Daigoji Temple celebrates its collection

by Matthew Larking

Special To The Japan Times

World Heritage Site, Daigoji Temple, was founded on the summit of Mount Kasatori in southeastern Kyoto when the monk Rigen Daishi Shobo (832-909) is said to have discovered a spring from which flowed the “ultimate taste, representing the highest state of Buddhist wisdom.” From 876, he had produced statues of Juntei and Nyoirin — two forms of the bodhisattva Avalokitesvaran— and by the 10th century, Daigoji had come under Imperial patronage along with a lower precinct at the mountain’s base.

The sprawling complex became a leading institution in esoteric Shingon Buddhism that was brought to Japan by the Japanese monk Kukai. Initially Shingon Buddhism attracted the nobility, because it catered to worldly needs. It offered wish-granting and rites to subdue external enemies, to provide protection from disaster and to extend life, as well as rituals to bring about rain.

The religion was constituted by two main streams: the Hirosawa school centered at Ninnaji Temple and the Ono based at Daigoji. The latter was separated into another six streams, the central one originating within Daigoji Temple at the sub-temple Sanboin, for which the Miroku Bosatsu (future Buddha) is the principal object of worship.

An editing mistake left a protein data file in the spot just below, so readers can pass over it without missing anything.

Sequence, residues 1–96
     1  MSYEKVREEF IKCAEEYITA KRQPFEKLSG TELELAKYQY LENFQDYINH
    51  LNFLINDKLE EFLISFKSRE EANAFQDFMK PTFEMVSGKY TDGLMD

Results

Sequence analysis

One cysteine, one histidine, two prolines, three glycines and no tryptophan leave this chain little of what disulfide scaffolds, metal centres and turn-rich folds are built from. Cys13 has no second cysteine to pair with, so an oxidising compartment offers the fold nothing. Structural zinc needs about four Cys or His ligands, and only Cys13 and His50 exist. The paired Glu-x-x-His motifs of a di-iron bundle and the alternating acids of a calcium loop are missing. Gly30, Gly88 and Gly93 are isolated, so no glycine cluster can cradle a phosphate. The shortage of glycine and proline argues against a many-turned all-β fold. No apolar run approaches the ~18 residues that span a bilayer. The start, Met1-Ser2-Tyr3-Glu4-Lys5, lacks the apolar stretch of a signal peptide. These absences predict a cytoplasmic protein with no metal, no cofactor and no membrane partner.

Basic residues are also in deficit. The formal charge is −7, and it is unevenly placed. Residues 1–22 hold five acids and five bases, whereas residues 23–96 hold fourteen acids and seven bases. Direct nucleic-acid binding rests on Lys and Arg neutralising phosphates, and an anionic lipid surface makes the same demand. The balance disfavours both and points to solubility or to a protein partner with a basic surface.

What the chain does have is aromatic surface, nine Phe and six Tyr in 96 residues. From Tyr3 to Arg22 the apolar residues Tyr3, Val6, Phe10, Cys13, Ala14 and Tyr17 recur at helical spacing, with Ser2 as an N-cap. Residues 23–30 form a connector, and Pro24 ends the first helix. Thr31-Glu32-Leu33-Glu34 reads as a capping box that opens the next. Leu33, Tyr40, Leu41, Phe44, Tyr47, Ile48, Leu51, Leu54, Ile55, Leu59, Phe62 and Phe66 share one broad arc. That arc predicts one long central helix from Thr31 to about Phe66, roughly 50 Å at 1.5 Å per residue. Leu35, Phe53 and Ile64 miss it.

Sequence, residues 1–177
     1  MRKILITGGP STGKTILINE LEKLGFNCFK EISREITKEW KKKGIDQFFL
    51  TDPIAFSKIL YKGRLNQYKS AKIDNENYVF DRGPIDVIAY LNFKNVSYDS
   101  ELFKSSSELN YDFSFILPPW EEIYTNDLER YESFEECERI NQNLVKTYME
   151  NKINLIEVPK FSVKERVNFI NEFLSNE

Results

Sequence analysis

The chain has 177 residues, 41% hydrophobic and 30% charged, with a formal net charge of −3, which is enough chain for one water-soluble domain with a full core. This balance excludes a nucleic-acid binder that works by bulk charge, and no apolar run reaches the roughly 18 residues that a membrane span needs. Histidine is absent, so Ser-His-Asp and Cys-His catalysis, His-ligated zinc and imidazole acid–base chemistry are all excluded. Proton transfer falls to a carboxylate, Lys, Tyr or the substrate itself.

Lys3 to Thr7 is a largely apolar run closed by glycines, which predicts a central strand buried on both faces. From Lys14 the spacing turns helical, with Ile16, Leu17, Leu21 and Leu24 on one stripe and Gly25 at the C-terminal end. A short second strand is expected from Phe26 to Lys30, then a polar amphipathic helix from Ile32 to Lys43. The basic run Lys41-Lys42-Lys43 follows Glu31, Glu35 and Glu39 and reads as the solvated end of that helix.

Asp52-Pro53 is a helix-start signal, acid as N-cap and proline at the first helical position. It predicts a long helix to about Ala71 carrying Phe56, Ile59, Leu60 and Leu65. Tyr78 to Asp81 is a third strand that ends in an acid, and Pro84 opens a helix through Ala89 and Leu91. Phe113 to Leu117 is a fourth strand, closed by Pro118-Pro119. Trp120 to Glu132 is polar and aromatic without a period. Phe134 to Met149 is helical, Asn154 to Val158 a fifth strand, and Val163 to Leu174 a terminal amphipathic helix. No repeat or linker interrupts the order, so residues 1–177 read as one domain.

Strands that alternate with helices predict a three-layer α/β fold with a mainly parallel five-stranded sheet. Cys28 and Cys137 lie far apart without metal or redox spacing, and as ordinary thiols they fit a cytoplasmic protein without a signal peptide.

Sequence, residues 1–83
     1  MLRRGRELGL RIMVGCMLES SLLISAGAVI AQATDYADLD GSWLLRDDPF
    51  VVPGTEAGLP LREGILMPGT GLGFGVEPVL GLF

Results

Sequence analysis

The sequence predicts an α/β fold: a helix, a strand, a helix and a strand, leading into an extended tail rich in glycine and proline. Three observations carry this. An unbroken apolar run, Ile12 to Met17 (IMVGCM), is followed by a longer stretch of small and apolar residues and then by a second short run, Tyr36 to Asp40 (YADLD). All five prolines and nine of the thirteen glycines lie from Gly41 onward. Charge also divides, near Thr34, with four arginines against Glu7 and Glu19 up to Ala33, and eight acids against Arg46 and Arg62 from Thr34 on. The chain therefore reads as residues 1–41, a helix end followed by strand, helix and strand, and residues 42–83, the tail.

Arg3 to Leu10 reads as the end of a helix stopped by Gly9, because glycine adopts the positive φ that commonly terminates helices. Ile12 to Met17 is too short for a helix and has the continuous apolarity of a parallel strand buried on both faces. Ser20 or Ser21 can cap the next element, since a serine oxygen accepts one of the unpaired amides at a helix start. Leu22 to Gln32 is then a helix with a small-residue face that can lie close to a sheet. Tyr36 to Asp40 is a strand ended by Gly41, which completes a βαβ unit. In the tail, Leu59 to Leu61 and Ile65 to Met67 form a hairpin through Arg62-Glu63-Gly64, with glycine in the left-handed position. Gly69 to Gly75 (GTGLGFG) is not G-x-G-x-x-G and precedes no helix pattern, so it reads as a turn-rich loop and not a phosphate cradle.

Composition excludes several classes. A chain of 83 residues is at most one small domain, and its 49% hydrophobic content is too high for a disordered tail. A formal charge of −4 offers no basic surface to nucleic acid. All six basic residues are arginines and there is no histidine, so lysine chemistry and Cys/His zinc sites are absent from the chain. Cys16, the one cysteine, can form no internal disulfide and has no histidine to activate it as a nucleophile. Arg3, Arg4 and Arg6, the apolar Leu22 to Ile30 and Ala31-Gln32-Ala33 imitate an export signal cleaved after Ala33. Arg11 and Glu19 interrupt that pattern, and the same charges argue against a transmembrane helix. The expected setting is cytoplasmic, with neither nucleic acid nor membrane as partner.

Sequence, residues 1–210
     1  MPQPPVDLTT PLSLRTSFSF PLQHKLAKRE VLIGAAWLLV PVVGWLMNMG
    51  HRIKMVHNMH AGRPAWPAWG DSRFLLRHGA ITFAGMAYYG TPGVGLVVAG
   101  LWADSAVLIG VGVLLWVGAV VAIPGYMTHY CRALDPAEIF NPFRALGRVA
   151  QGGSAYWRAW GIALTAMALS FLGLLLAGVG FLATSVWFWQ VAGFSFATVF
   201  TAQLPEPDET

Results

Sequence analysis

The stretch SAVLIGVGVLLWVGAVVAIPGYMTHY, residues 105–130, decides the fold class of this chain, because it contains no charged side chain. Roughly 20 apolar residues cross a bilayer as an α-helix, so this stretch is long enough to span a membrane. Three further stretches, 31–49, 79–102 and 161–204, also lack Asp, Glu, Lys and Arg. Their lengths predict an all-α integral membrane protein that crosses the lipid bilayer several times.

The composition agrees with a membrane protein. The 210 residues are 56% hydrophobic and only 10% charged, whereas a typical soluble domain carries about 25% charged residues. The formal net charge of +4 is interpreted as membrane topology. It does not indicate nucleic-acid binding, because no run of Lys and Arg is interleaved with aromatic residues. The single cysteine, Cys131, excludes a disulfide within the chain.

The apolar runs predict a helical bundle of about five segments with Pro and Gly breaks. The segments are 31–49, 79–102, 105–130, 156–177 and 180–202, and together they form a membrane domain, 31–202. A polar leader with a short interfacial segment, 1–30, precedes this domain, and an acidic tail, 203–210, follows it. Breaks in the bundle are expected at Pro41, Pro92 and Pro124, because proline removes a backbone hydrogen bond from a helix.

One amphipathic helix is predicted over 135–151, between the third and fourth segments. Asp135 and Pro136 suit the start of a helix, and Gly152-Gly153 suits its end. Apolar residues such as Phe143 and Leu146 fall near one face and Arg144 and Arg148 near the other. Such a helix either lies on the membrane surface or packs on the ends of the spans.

The Miroku Buddha Hall, which normally houses the statue of Miroku Bosatsu made by Kaikei in the Kamakura Period (1185-1333), also contains a small garden with white sand and gourd-shaped design decorations. Such a context is exceedingly different from the statue’s display in the secular setting of the Nara National Museum’s current exhibition, where objects of religious veneration become art works.

Of course, such artifacts retain their religious roles, even within the museum, where people can occasionally be seen offering prayers. The 10th-century “Yakushi Nyorai and Attendant Deities (Medicine Master Buddha),” in particular, is a work held in high regard by the devoted. Carved from a single block of nutmeg wood, it combines aesthetic styles a century apart. The way the robe covers over the buddha’s left foot is more common to Nara Period (710-794) sculpture, while the slightly oversized head and thick midriff were frequently characteristic of early Heian Period (794-1185) works.

The final section of the exhibition is dedicated to the more complex synthesis of Buddhist and Daoist teachings in the mystical mountain-dwelling ascetic practices of Shugendo, the practitioners of which venerated Shobo as the founder of the Tozan school of Shugendo.

Given the long life of the temple, it will come as no surprise that a vast collection of sacred documents, reliquaries, sculptures and pictorial art has amassed there. A staggering total of 69,378 historical documents were in 2013 designated as National Treasures, and the commemoration of this is the purpose of the present exhibition. Testament to the importance of this exhibition is the fact that of the 189 pieces on display, 62 major works are National Treasures and 85 are Important Cultural Properties.

“The Universe of Daigoji — Esoteric Buddhist Imagery and Sacred Texts” at the Nara National Museum runs till Sept. 15. 9:30 a.m.-6 p.m. (Fri. and Aug. 5-15 till 7 p.m.). ¥1,500. Closed Mon. and Aug. 11, Sept. 15. www.narahaku.go.jp